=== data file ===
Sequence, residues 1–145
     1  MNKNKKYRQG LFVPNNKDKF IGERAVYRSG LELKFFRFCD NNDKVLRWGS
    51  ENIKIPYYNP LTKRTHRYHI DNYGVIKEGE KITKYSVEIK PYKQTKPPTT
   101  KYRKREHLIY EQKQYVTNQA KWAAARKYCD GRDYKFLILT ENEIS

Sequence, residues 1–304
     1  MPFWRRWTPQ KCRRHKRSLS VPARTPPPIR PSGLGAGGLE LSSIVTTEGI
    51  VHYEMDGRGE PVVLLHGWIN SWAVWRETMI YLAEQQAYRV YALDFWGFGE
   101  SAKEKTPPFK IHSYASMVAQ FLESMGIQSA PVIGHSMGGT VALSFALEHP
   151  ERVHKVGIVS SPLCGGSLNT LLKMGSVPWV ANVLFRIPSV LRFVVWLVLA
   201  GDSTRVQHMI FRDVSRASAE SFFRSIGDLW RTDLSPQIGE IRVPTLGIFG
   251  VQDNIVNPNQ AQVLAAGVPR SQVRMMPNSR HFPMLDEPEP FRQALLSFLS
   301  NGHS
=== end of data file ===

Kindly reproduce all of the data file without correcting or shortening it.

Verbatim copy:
Sequence, residues 1–145
     1  MNKNKKYRQG LFVPNNKDKF IGERAVYRSG LELKFFRFCD NNDKVLRWGS
    51  ENIKIPYYNP LTKRTHRYHI DNYGVIKEGE KITKYSVEIK PYKQTKPPTT
   101  KYRKREHLIY EQKQYVTNQA KWAAARKYCD GRDYKFLILT ENEIS

Sequence, residues 1–304
     1  MPFWRRWTPQ KCRRHKRSLS VPARTPPPIR PSGLGAGGLE LSSIVTTEGI
    51  VHYEMDGRGE PVVLLHGWIN SWAVWRETMI YLAEQQAYRV YALDFWGFGE
   101  SAKEKTPPFK IHSYASMVAQ FLESMGIQSA PVIGHSMGGT VALSFALEHP
   151  ERVHKVGIVS SPLCGGSLNT LLKMGSVPWV ANVLFRIPSV LRFVVWLVLA
   201  GDSTRVQHMI FRDVSRASAE SFFRSIGDLW RTDLSPQIGE IRVPTLGIFG
   251  VQDNIVNPNQ AQVLAAGVPR SQVRMMPNSR HFPMLDEPEP FRQALLSFLS
   301  NGHS